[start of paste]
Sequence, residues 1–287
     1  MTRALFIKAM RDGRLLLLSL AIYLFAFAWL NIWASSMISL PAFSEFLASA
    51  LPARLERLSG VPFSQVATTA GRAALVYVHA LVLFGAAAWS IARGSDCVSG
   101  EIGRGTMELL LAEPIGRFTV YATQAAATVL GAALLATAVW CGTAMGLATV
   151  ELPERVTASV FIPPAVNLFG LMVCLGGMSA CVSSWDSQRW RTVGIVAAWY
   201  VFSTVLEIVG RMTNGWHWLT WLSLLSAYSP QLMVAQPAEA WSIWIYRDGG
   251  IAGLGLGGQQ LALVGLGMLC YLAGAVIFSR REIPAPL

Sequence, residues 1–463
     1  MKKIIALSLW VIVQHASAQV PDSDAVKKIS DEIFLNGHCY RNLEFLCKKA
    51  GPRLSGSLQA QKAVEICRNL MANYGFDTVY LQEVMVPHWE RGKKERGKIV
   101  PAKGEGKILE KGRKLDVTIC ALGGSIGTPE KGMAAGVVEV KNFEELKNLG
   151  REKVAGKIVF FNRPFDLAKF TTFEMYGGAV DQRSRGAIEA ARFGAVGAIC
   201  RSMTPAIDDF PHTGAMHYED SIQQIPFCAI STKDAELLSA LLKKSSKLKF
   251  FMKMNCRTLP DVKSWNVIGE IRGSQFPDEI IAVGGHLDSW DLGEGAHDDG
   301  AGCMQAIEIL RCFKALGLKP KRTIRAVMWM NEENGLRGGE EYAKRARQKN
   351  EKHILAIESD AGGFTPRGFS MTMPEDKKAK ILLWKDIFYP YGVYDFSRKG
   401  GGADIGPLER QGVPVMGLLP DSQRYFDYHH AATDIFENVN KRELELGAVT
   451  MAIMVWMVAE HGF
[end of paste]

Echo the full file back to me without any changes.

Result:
Sequence, residues 1–287
     1  MTRALFIKAM RDGRLLLLSL AIYLFAFAWL NIWASSMISL PAFSEFLASA
    51  LPARLERLSG VPFSQVATTA GRAALVYVHA LVLFGAAAWS IARGSDCVSG
   101  EIGRGTMELL LAEPIGRFTV YATQAAATVL GAALLATAVW CGTAMGLATV
   151  ELPERVTASV FIPPAVNLFG LMVCLGGMSA CVSSWDSQRW RTVGIVAAWY
   201  VFSTVLEIVG RMTNGWHWLT WLSLLSAYSP QLMVAQPAEA WSIWIYRDGG
   251  IAGLGLGGQQ LALVGLGMLC YLAGAVIFSR REIPAPL

Sequence, residues 1–463
     1  MKKIIALSLW VIVQHASAQV PDSDAVKKIS DEIFLNGHCY RNLEFLCKKA
    51  GPRLSGSLQA QKAVEICRNL MANYGFDTVY LQEVMVPHWE RGKKERGKIV
   101  PAKGEGKILE KGRKLDVTIC ALGGSIGTPE KGMAAGVVEV KNFEELKNLG
   151  REKVAGKIVF FNRPFDLAKF TTFEMYGGAV DQRSRGAIEA ARFGAVGAIC
   201  RSMTPAIDDF PHTGAMHYED SIQQIPFCAI STKDAELLSA LLKKSSKLKF
   251  FMKMNCRTLP DVKSWNVIGE IRGSQFPDEI IAVGGHLDSW DLGEGAHDDG
   301  AGCMQAIEIL RCFKALGLKP KRTIRAVMWM NEENGLRGGE EYAKRARQKN
   351  EKHILAIESD AGGFTPRGFS MTMPEDKKAK ILLWKDIFYP YGVYDFSRKG
   401  GGADIGPLER QGVPVMGLLP DSQRYFDYHH AATDIFENVN KRELELGAVT
   451  MAIMVWMVAE HGF